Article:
Julius S. Morton (1893–1897)
The son of a general store owner, Julius Sterling Morton was born in the village of Adams in Jefferson County, New York, in 1832. Soon after his birth, his family moved to Michigan. He attended the University of Michigan but was dismissed in 1854 prior to graduation; the faculty nevertheless conferred his degree in 1858.
After his dismissal from college, Morton moved to Nebraska Territory near Nebraska City. He served as a Democrat in the territory’s government and was appointed its secretary by President James Buchanan in 1858.
While his political career declined immediately after the Civil War, Morton remained active in Nebraska’s horticulture movement. He helped found the Nebraska State Horticulture Society in 1869 and encouraged Nebraskans to plant trees to stop soil erosion on farms. Morton suggested a public holiday in support of tree planting, which the Nebraska state legislature adopted in 1885 as April 22, Morton’s birthday. The legislature followed Morton’s suggestion and named the holiday Arbor Day, and it remained his proudest accomplishment.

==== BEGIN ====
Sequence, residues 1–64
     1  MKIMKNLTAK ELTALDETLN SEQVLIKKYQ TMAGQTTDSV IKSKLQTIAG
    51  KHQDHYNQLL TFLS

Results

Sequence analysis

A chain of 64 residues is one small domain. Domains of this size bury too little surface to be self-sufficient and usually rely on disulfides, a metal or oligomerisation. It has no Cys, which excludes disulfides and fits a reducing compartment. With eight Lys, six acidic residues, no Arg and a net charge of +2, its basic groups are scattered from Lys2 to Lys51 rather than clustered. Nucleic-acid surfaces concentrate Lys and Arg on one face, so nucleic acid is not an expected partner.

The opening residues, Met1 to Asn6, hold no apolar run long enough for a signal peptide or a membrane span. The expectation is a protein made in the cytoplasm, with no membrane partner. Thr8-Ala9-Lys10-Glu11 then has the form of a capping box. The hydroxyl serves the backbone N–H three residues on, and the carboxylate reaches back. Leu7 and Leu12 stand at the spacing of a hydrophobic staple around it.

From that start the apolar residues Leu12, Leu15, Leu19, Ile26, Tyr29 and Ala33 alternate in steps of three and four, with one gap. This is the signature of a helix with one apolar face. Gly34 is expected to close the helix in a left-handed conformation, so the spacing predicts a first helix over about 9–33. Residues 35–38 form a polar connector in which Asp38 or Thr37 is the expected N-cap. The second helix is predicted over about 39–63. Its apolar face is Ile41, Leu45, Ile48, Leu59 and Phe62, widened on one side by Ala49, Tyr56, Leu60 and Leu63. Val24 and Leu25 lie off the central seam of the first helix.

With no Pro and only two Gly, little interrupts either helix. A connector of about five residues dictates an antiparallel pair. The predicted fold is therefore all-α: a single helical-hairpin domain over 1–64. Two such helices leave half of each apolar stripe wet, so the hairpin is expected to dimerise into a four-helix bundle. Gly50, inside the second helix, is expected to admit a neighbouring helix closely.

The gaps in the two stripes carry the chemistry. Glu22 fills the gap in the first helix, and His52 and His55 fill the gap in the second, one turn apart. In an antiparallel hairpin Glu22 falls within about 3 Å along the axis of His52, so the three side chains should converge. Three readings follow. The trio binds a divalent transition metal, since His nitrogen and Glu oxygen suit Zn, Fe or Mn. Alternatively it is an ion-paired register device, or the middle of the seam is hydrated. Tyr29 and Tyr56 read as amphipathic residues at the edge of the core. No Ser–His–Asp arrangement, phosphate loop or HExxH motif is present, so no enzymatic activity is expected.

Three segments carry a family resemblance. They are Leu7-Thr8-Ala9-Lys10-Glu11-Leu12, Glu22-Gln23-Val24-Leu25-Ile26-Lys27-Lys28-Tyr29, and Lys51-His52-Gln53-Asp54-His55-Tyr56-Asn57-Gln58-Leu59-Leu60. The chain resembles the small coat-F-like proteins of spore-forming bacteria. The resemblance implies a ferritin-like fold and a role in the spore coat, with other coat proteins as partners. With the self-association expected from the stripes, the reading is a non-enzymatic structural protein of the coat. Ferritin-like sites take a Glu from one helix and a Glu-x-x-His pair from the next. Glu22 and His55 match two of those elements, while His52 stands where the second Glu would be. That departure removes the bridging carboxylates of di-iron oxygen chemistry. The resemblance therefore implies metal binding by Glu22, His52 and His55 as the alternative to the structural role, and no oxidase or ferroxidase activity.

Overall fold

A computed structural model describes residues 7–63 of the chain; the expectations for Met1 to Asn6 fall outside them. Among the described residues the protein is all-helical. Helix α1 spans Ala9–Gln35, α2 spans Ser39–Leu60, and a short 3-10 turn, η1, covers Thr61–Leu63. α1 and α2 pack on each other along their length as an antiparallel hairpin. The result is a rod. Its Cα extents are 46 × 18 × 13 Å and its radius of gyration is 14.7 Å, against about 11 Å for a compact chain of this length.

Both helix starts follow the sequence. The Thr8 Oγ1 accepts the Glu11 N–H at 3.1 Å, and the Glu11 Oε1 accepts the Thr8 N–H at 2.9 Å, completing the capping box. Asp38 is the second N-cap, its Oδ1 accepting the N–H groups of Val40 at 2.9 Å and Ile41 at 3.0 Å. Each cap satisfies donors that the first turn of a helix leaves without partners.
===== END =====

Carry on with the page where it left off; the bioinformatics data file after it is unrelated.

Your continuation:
After a triumphant return to state politics in the 1880s, Grover Cleveland named Morton secretary of agriculture in 1893. While in office, Morton ran a tight department and instituted civil service reform measures. He tried unsuccessfully to eliminate the Agriculture Department’s distribution of free seeds through Congress and slashed expenditures and staff.
A Gold Democrat, he resisted the party’s turn toward fellow Nebraskan William Jennings Bryan in 1896 and voted for William McKinley. Morton spent the rest of his life supporting conservative political causes and writing a history of his native state. Julius Morton died in 1902.